Cool spot in the old town
The designers of Here Hostel turned a Sino-European heritage house into a traveller hangout zone with cushy dorms and one of the coolest common rooms we’ve come across.
From the street, the hostel blends into this historic area thanks to preserved textures and faded paint on old wood and mortar surfaces, windows and doors—only the sign and glass entryway hint at a modern style. Loads of work clearly went into the interior, where guests can feel like kids as they scoot from the second floor down to the lobby via a wide (and fast!) slide. But this place doesn’t need a gimmick to make it noteworthy.
Take off your shoes, pass a tasteful wall painting and take the stairs up to a large common room with sofas, tables and a vintage arcade game. One side is open to the air and lined with benches overlooking a back garden that was being worked on when we stayed. On the ceilings, wood boards in faded turquoise and brown left enough room to fit a semi-private loft with floor cushions, books and board games. Darth Vader looms above beside a trio of storm troopers.
During our visit, many guests were actually talking to each other rather than staring at their phones. This is not really a party hostel and the helpful but firm staffers actually say, “no sex in the dorms”, as part of a spiel of rules when guests check in. But unlike at the nearby Once Again Hostel, beer is available and the atmosphere conducive to meeting people. WiFi is free and a small breakfast is included in rates, but there’s no proper bar or cafe.
You can choose from at least six different dorm rooms, from a 12-bed mixed gender edition to rooms with as few as four beds available in mixed or women only. Some rooms have hardwood floors and others sport brushed concrete leading to a floor-to-ceiling window overlooking the garden; we found the lack of a curtain on the window in our room strange. Each bunk comes with a reading lamp, electrical plug, privacy curtain and firm mattress that we found comfortable. Every corner we looked in appeared clean.
The cleanliness extends into two large white-tiled unisex bathrooms which are shared among guests. Hot-water shower stalls with handheld and rain showerheads are fully enclosed and spacious enough to hang clothes and towels without soaking them while you wash. Some travellers will however be uncomfortable with using the same facilities as members of the opposite sex; we suggest heading over to Once Again Hostel if that’s the case for you.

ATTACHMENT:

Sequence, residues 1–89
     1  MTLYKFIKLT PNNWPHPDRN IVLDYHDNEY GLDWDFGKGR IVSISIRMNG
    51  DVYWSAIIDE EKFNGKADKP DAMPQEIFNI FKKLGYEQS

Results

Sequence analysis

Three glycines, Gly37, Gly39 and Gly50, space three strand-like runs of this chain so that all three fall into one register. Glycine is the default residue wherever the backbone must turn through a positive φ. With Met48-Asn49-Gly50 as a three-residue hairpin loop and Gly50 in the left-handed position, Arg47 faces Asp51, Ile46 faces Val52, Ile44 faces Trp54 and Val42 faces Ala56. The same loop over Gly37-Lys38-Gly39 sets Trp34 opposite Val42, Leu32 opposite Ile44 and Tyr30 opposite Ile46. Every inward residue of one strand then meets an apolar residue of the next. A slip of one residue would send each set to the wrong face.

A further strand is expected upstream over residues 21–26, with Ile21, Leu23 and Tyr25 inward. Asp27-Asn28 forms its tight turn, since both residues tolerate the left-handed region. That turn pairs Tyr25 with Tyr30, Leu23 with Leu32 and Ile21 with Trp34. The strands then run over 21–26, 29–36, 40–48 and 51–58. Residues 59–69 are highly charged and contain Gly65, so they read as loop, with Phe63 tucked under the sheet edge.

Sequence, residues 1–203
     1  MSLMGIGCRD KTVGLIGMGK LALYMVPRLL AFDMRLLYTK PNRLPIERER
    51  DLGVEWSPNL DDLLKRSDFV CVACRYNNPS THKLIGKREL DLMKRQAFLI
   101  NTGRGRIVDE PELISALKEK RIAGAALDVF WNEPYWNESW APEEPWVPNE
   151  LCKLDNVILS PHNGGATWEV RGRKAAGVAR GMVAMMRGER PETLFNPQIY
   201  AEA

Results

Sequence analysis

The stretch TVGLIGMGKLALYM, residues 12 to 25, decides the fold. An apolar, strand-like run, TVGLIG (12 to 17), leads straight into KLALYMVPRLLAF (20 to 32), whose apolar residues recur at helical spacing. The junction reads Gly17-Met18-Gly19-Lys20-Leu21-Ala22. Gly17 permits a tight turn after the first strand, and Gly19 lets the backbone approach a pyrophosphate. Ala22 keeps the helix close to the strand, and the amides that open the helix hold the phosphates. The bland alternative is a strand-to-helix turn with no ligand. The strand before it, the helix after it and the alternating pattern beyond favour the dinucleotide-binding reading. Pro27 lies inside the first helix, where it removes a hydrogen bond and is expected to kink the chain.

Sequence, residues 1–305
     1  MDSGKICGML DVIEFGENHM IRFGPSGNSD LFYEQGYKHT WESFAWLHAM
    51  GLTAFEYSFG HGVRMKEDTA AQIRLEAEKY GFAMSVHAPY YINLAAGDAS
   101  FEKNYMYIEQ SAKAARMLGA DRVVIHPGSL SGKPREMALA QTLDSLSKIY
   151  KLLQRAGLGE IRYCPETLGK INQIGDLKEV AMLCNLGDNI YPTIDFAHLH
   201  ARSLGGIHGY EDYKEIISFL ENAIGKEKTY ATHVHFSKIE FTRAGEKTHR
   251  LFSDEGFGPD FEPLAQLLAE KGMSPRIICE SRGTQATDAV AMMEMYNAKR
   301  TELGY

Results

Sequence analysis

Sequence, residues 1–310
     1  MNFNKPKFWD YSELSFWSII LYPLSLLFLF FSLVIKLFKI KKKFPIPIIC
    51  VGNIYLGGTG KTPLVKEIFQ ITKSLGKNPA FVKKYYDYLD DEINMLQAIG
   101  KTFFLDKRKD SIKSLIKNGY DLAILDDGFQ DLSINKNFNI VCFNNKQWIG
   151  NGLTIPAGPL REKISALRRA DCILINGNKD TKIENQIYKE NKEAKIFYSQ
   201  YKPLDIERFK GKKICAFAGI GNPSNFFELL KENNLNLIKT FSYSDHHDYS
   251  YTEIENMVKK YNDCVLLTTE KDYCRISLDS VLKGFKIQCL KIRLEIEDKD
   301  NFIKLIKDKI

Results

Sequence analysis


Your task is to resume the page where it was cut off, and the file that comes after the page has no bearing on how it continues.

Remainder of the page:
Here Hostel also offers a handful of cramped private rooms with double or twin beds; all but one or two of these rely on the shared facilities and reached by a narrow hall decked out in brightly coloured streamers. The privates come with nothing but a mirror and hanger, and we’ve heard that walls are thin in this part of the building (dorm we inspected had thick concrete walls). If seeking an affordable private in this part of Bangkok, you might be better off at Innspire or Baan Dinso Ratchadamnoen.
As for location, a great selection of street food lines nearby Dinso Road and Mahachai Road; Wat Ratchanatdaram and Wat Saket are a stone’s throw away; Khao San Road is a manageable 15-minute walk to the northwest; and you can catch a canal boat at nearby Phanfah Leelard Pier for a fun cruise over to Siam Square and the BTS Skytrain. More popular sights like the Grand Palace are two kilometres to the west, and walking to them could take you through interesting neighbourhoods like Phraeng Phuthon and Trok Mor.
In addition to the aforementioned Once Again Hostel, which has slightly cushier bunks and more of a keep-to-yourself scene, you might also consider the nearby D Hostel for its clubhouse-style vibe and friendly staff.
Address: 196/3-8 Soi Damnoen Klang Tai, Bangkok
T: (090) 987 7438;
Coordinates (for GPS): 100º30'13.04" E, 13º45'20.29" N
See position in Apple or Google Maps: Apple Maps | Google Maps
Room rates: Under 600B
What we were quoted as a walk-in.
550 baht for a four-bed dorm
|490 baht||490 baht|
|Dbl air-con share bathroom||990 baht||990 baht|
|Dbl air-con private bathroom||1,290 baht||1,290 baht|
David Luekens first came to Thailand in 2005 when Thai friends from his former home of Burlington, Vermont led him on a life-changing trip. Based in Thailand since 2011, he spends much of his time eating in Bangkok street markets and island hopping the Andaman Sea.
Provided by Travelfish partner Agoda.
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